In the headlines: DNC email breach, Avtech IoT devices, UN nuclear power plant hack, and more

US accuses Russia of interfering with elections

In what could be the most highly publicized nation state cyber attacks since the Sony Pictures hack, the US have officially accused Russia of interfering with the elections. The DNC email breach was the first stage in a set of disastrous leaks, most of which have come from Wikileaks in the form of their ‘Hillary Leaks’ series. The US Intelligence Community have stated that the nature of the breaches are consistent with Russian attacker methods, also claiming the scope of the attacks is an indicator that only senior Russian officials could have authorized them. While the finger has been pointed, officials have assured voters that there is no risk of actual ballots being tampered with.

Latest ‘Hillary Leaks’ consists of aide emails

The latest Wikileaks release in their ‘Hillary Leaks’ series has come in the form of email correspondence from the private inbox of aide John Podesta. While their authenticity has yet to be confirmed, the emails contain evidence of behaviour Clinton has been most criticized for; a close relationship with financial heads. The emails reportedly contain excerpts from paid speeches Clinton is said to have given to various players in the financial sector such as Goldman Sachs. While no specific deals appear to have been made, or anything amounting to a crime, the very confirmation of Clinton’s relationship with such individuals is bound to undermine her reputation. Wikileaks have promised a release each week in the run up to the elections.

Avtech IoT devices become latest to be vulnerable to hackers

It’s no secret that the swathes of IoT devices continuing to hit the market pose a security risk, both to private data held on the same network and as a new army of devices to be harnessed for DDOS attacks. In the last week, Avtech have been the latest manufacturer hit by news that their devices are vulnerable. This revelation is a particularly troubling one for the thousands of people using the company’s video surveillance products. Should the wrong people gain access to these vulnerable devices, burglaries could be orchestrated and customers are advised to change their passwords. Around 130,000 Avtech devices have appeared as open and vulnerable on Shodan. This news has come in the same week that it was shown that thousands of IoT devices are being enrolled in botnets using an SSH vulnerability which has been known for 12 years. Both these stories are simply further evidence that insufficient efforts are being made to make such devices secure.

You might want to allow the latest Windows updates sooner rather than later. The latest ‘Patch Tuesday’ release contains fixes for no less than 49 vulnerabilities, including remote code execution vulnerabilities and 4 ‘zero days’ which are reportedly already being exploited in the wild. These include a memory disruption vulnerability in Office and a graphics component remote code execution vulnerability. This latest set of updates also comes with the news that future updates will come in the form of monthly ‘security rollups’, which also applies to the .NET framework updates.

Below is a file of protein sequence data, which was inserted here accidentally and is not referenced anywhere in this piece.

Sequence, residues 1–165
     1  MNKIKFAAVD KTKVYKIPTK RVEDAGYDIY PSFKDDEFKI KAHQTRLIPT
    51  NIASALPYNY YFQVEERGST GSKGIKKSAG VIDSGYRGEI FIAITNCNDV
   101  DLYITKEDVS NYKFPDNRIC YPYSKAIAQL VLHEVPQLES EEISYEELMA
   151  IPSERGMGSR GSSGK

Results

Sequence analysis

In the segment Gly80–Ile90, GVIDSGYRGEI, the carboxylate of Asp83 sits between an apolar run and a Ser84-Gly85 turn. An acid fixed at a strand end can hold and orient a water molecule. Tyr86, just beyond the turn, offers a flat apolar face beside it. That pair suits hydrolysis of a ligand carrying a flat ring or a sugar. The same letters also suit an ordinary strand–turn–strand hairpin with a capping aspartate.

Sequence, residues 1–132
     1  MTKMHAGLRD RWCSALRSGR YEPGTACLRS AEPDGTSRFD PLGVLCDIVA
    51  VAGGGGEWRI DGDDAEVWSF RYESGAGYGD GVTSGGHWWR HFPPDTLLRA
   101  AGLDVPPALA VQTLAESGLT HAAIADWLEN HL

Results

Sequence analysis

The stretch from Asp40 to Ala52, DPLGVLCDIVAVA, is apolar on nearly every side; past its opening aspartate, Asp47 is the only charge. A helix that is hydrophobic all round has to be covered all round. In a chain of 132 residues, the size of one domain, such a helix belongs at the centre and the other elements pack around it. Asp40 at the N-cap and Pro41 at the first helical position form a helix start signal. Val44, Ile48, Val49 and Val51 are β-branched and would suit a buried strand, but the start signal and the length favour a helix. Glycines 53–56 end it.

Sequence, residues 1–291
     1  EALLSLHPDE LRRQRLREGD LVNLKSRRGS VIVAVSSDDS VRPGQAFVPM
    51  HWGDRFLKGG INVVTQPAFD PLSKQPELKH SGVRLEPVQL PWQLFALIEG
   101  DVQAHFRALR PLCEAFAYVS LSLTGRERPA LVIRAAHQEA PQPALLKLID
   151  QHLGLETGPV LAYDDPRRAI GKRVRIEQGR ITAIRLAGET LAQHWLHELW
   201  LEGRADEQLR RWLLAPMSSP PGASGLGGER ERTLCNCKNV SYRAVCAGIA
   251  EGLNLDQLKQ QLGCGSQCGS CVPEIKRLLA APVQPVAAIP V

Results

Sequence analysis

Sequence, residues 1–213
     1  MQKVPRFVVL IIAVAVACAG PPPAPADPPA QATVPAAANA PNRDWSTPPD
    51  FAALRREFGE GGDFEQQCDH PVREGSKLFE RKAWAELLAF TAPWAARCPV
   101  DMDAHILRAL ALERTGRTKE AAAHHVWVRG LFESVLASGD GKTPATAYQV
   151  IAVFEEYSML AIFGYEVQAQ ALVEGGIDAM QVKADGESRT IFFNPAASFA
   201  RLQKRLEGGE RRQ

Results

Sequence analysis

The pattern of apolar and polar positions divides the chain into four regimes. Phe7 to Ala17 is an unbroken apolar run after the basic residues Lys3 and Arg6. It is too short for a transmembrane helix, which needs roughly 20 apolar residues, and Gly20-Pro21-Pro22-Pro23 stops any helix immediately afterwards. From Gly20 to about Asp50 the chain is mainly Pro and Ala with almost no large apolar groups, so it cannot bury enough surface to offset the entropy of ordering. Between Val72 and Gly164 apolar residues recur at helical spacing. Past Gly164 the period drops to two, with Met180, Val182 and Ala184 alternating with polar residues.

Latest Adobe update patches 83 vulnerabilities

The other set of patches which comes almost as regularly as Microsoft’s come from Adobe, patching a total of 83 bugs in Reader, Acrobat and of course, Flash. The vulnerabilities include remote code of execution (12 of which affect Flash), memory corruption and buffer overflow and make up the largest patch update since May.

Singapore moves to stimulate regional cybersecurity improvements

Singapore has announced an investment of $10m into ASEAN (Association of South East Asian Networks) cybersecurity, to be spent over five years. The announcement was made at an ASEAN cybersecurity conference last week by communications minister Yaacob Ibrahim. The money is due to be spent on educational and collaborative activities such as workshops and seminars, bringing regional experts together. This move comes in the wake of sector reports which show the region is lagging behind in terms of security, both on a private and governmental level.

UN nuclear power plant hacked

It’s been belatedly revealed that an unnamed nuclear power plant suffered a hack several years ago, with attackers attempting to steal Uranium from the facility. This is not the first nuclear plant to have been targeted, with a South Korean power company suffering attacks in 2014 and this year a German facility was revealed to have malware on its network. The Director of the International Atomic Energy Agency, who oversees UN nuclear activities said ‘This issue of cyber attacks on nuclear-related facilities or activities should be taken very seriously. We never know if we know everything or if it’s the tip of the iceberg’.

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